Hearing injuries impede communication, reduce situational awareness, hinder threat detection, and ultimately impair safety and mission effectiveness of the Service Member. Peripheral hearing loss, central auditory processing deficits, tinnitus, and vestibular impairment are among the damage associated with blast exposure. Even in relatively mild cases of blast-related auditory injury, initial symptoms of pain, tinnitus, hearing loss, dizziness, and/or disorientation can threaten individual and military unit effectiveness. Although these initial symptoms and deficits may dissipate over hours or days, blast overpressure can tear the ear drum, fracture delicate middle ear bones, and disrupt hearing by blocking the ear canal with blood, debris, or foreign bodies. If left untreated, some blast-related injuries may lead to permanent impairment. Read more...
Hemorrhage is the leading cause of preventable death on the battlefield and is directly associated with many types of blast injuries, (e.g., abdominal bleeding and perforation, and traumatic amputations). Approximately 25% of these causalities could have been prevented if timely, more effective approaches to hemorrhage control were available closer to the point of injury. One of the greatest priorities in trauma care is to control massive bleeding immediately; this priority has driven the re-emergence of tourniquets in the Iraq and Afghanistan theaters of operation. Hemorrhage is also associated with secondary complications that include shock, inflammation, coagulopathy, and severe hypotension and tissue hypoxia, which contribute to poor injury outcomes, especially for those with other injuries (i.e., traumatic brain injury (TBI)). Advanced resuscitative treatment of hemorrhage within the first hour after injury, the “golden hour”, is the most effective strategy for treating preventable combat casualties due to bleeding. Read more here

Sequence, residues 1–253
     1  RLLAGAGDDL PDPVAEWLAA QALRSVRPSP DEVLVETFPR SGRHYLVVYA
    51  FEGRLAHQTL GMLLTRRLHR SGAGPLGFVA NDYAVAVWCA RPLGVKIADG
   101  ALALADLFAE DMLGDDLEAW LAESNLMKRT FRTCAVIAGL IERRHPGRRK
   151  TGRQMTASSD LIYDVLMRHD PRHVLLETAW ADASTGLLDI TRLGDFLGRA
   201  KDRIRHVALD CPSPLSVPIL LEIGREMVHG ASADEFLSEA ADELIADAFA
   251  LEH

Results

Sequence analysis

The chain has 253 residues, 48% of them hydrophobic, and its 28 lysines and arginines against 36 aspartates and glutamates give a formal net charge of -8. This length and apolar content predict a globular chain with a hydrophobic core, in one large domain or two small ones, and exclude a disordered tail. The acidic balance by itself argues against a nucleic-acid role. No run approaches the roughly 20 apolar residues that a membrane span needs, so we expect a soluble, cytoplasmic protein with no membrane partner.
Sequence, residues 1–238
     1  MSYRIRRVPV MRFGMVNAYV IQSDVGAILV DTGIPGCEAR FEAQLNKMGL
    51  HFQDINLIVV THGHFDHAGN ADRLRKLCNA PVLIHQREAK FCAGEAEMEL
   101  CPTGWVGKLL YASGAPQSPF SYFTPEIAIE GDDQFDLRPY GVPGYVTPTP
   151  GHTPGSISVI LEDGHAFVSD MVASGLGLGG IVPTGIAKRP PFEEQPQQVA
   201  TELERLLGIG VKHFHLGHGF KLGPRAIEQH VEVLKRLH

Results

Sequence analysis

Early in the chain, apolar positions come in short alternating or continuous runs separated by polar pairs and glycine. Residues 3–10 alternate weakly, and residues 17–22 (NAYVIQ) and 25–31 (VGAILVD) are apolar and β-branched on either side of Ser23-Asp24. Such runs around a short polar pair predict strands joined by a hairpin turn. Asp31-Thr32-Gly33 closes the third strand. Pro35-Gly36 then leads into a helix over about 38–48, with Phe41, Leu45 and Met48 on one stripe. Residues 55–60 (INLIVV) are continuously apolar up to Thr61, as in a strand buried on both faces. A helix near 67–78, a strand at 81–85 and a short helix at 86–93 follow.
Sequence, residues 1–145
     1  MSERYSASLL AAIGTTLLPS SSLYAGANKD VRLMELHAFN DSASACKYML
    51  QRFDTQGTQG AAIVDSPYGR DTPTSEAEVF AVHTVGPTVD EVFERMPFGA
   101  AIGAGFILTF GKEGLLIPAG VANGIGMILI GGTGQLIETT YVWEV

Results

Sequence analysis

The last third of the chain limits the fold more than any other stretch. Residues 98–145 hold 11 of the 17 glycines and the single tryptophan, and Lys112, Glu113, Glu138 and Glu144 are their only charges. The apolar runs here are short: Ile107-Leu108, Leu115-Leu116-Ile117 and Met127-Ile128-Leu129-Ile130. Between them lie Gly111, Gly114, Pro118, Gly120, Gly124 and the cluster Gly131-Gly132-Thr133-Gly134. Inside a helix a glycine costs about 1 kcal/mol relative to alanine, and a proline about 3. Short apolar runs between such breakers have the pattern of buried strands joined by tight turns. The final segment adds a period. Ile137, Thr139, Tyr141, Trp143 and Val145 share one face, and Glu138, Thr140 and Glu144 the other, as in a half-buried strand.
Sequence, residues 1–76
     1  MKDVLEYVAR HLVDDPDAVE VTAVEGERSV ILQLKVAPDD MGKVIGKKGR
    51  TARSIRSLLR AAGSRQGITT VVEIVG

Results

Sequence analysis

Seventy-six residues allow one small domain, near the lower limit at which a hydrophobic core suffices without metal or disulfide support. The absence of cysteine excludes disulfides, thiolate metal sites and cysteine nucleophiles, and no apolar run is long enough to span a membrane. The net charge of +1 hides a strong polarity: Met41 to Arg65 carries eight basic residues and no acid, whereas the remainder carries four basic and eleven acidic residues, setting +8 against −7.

Extremity trauma injuries accounted for 70 percent of total battle injuries from 2003 to 2015. Blast-related extremity injuries have a high infection rate, with extensive soft tissue damage, volumetric muscle loss, nerve damage, and complex scarring. Some of these injuries result in one or more amputations. The management of Service Members with amputations or complex extremity injuries requires a comprehensive, coordinated, and multidisciplinary healthcare team throughout the continuum of care, using the latest practices in medical/surgical interventions, prosthetic and orthotic technology, and rehabilitation management. Read more here
Blast-related TBI is commonly caused by the secondary and tertiary blast mechanisms. The existence of brain injuries caused by the primary mechanism of blast alone, without secondary or tertiary head impacts, is a topic of continuing debate within the scientific community. Read more here and here...
Eye injuries in combat have dramatically increased due to the use of improvised explosive devices (IEDs). In contrast to peacetime eye injuries, many combat eye injuries are bilateral and frequently occur in association with other head and neck trauma or polytrauma. Multiple factors account for the disproportionately high number of eye injuries given the overall size of the eye and its representative proportion of total body surface area: the required preferential exposure of the eye in order to see and fight; limited eye armor or protection; the unique susceptibility of the eye to injury by small fragments; and the changing nature of armaments and preferred weapons, (e.g., IEDs). Read more...
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